Principal Officer position. As a result, the advanced training course was revised to
correct these inadequacies, and tutorial classes have been established in some institutions for the preparation of candidates prior to writing the examination.
8. In-service Courses.—One hundred and thirty-four officers completed basic
training at Oakalla Prison Farm. At the Vancouver Island Unit and Prince George
Gaol, 57 officers completed advanced training, which was given at the Haney Correctional Institution. Field training was conducted at all institutions. Security
Officers must complete their basic, field, and advanced training prior to promotion
to Correction Officer. This ensures that Correctional Officers are fully trained prior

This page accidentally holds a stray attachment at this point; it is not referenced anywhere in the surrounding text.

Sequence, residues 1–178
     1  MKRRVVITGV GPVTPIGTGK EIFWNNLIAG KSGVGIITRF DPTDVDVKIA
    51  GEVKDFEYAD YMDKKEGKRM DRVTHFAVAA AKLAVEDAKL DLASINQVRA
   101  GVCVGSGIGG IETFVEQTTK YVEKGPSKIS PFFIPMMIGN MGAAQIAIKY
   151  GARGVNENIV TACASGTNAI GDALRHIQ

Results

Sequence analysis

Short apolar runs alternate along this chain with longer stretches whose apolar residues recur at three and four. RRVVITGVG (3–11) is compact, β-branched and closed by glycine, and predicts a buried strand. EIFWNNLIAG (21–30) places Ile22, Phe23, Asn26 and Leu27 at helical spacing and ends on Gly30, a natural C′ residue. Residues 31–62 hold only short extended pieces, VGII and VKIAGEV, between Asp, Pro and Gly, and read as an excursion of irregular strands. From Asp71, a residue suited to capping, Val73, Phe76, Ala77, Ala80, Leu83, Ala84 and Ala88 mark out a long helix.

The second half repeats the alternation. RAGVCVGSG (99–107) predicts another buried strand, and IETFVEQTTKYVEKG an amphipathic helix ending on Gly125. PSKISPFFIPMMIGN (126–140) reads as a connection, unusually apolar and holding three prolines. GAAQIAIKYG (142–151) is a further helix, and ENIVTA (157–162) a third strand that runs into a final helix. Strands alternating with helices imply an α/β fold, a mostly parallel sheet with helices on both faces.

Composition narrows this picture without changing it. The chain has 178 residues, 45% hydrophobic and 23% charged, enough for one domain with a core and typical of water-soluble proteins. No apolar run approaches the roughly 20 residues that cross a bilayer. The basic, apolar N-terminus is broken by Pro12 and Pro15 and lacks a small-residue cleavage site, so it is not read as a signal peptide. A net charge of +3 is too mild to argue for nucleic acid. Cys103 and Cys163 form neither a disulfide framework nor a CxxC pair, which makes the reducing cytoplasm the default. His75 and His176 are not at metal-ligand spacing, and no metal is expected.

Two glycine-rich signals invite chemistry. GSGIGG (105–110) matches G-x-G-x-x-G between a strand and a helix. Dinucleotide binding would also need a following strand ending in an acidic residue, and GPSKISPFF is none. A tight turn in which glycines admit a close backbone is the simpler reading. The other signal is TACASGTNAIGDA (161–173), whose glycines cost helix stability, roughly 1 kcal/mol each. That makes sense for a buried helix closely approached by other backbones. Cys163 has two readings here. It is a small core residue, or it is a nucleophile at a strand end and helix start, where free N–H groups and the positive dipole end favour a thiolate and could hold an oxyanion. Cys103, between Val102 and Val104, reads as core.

to the assumption of increased responsibilities.
Specialized Courses
9. Group Counselling.—Thirty officers of Chilliwack Forest Camps participated in a 16-hour course in group counselling. This course included training in
both the dynamics of group counselling as well as the specifics of the role of a group
leader.
 REPORT OF DIRECTOR OF CORRECTION, 1964/65 W 13
10. Search and Leadership Training.—A five-day course was held at New
Haven for four selected staff from Lakeview Forest Camp. This course was focused
on the principles of the Borstal system and their application to the Lakeview training
programme.
11. Forestry Training.—Thirteen forest-camp officers attended a three-day
course at the British Columbia Forest Service Ranger School conducted by Forest